Did You Know? with Mike Freidlin
May Day May Day!

May Day, May Day! In fact, there are thirty-one of them in the beautiful mid-spring month of May. May is a time for all the beauty the season of spring has to offer. From flowers to birds to butterflies to warm, sunny days, May has the charm to awaken the soul, from young to old. "What potent blood hath modest May" as Ralph Waldo Emerson so eloquently exclaims.

May at Indraloka Animal Sanctuary is as special as anywhere imaginable. The sanctuary, being a collection of fields, grasslands, and pastures, serves as an important resource for all the wonderful souls with whom Indraloka is called home. Be it the horses, the sheep, the pigs, the cows, or all the wild critters who frequent the sanctuary, the fields of Indraloka offer them peace, safety, and survival.

There are many in nature with whom the responsibility of "field maintenance" has been given. Our focus today...those mythical, magnificent, migrators...the birds. Birds play an important role in grassland ecosystems. Birds help control insects and rodents, and are major players in the recycling of nutrients. Another of the more vital roles performed by our frequent flyers is that of seed dispersers and flower pollinators. Grassland birds such as bobolinks, meadowlarks, and numerous sparrows nest in grasses and disperse seeds in the process...a critically important function. Just ask any of the horses, cows, or sheep at the sanctuary. Birds as pollinators are equally important, as activities such as feeding and nest building send pollen on their reproductive journeys, to the delight of sanctuary residents be they wild or otherwise. As farms and cities flourish, grasslands have decreased. Tallgrass prairies are among our most endangered habitats.
Prairie birds have shown the most sustained population declines of any bird group in North America. Indraloka Animal Sanctuary, by allowing the natural, organic maintenance of grasslands, not only promotes the conservation of grassland birds, but also provides other environmental benefits, including soil health, water quality, habitat preservation and growth of native species. May just might be an ideal time visit the sanctuary. Just for fun, here are ten feathery species easily seen in and around the fields of May at Indraloka Animal Sanctuary.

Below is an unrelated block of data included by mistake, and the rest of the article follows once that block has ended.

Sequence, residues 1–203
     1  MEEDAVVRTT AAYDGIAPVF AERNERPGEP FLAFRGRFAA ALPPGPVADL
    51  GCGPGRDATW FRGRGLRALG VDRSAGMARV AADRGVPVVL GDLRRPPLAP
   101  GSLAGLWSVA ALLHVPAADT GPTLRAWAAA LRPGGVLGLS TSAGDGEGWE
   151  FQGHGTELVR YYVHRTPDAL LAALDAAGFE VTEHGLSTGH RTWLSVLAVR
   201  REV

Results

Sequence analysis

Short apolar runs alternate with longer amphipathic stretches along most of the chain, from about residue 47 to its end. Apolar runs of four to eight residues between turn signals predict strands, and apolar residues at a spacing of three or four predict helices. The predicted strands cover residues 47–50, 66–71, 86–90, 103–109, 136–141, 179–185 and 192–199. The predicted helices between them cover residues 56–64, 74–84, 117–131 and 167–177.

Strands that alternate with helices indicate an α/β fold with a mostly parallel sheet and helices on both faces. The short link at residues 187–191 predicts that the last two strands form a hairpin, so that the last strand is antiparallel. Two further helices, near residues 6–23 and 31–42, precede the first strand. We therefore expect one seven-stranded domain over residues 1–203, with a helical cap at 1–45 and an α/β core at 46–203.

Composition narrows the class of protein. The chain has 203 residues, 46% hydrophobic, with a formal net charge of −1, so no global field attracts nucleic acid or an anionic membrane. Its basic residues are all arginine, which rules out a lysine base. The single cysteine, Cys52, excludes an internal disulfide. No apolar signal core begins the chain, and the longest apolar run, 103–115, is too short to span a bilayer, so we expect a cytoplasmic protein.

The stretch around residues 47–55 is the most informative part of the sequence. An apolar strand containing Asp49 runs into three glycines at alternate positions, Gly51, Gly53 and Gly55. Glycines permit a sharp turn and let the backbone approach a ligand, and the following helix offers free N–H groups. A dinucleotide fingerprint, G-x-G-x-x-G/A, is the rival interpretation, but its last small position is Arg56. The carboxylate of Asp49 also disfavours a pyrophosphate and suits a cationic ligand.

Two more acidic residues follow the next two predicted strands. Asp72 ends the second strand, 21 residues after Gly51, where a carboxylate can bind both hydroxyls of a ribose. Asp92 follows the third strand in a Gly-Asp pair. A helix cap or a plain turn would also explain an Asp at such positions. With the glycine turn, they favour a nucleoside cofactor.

1. Eastern Bluebird                        6.  Eastern Cottontail Rabbit
  2. Rose-breasted Grosbeak             7.  Common Yellowthroat
  3. Eastern Meadowlark                   8.  Bobolink
  4. Red-winged Blackbird                 9.  Eastern Kingbird
  5. Indigo Bunting                           10.  Yellow Warbler
DYK Quiz for the Month

Almost all birds have an extremely keen sense of sight. Owl eyes can see in the near absence of light. One species of bird, however, is completely blind and finds food exclusively by sense of smell. Which do you think?
  1. Vulture
  2. Kiwi
  3. Stork
  4. Toucan
The answer will be next month's DYK

The answer to last month's quiz:

Which mountain claims the title of the planet's tallest?
  1. Mauna Kea
  2. Mount Everest
  3. Mount Fuji
  4. Mount Kilimanjaro
The answer is Mauna Kea in Hawaii. Mount Everest stands 29,035 feet above sea level. Mauna Kea only stands 13,796 feet above sea level, but the mountain extends about 19,700 feet below the Pacific Ocean. Over half of it is submerged. That puts the total height of Mauna Kea at about 33,500 feet - nearly a mile taller than Everest!

Until next month,
About Mike

Mike Freidlin is a naturalist, athlete, vegan animal rights activist, and environmental science educator with 35 years of teaching experience. In his role as middle and high school science teacher for the Abington Heights, Pennsylvania school district. Mike acted as the Middle and High School Ecology Club Advisor, and led more than 700 student members of the Tropical Rainforest Ecology Club on trips to such destinations as Panama, Costa Rica, and Ecuador, where they learned about rainforest protection, the rights and concerns of animals and indigenous communities, and students' roles and responsibilities as global citizens. Mike has served on Board of Directors for Lackawanna Audubon Society and Save The Rainforest.

Mike generously shares his knowledge and expertise with the sanctuary and our supporters for all of us to benefit from the power of connecting more deeply with our planet. Enjoy!

Indraloka Animal Sanctuary  | Mehoopany, PA | www.indraloka.org

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